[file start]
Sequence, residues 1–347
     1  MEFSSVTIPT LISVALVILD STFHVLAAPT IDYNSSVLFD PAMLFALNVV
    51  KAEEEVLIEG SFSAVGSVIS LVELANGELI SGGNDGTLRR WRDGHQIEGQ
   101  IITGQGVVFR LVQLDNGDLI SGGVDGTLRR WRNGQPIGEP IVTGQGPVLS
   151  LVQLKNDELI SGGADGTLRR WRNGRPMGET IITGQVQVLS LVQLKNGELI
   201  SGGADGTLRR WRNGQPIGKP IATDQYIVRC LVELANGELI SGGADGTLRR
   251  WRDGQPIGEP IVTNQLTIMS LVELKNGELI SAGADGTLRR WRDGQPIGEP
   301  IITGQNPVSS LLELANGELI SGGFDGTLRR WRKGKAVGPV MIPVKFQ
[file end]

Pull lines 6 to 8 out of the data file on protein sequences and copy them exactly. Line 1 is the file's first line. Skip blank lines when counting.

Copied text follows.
   201  SGGADGTLRR WRNGQPIGKP IATDQYIVRC LVELANGELI SGGADGTLRR
   251  WRDGQPIGEP IVTNQLTIMS LVELKNGELI SAGADGTLRR WRDGQPIGEP
   301  IITGQNPVSS LLELANGELI SGGFDGTLRR WRKGKAVGPV MIPVKFQ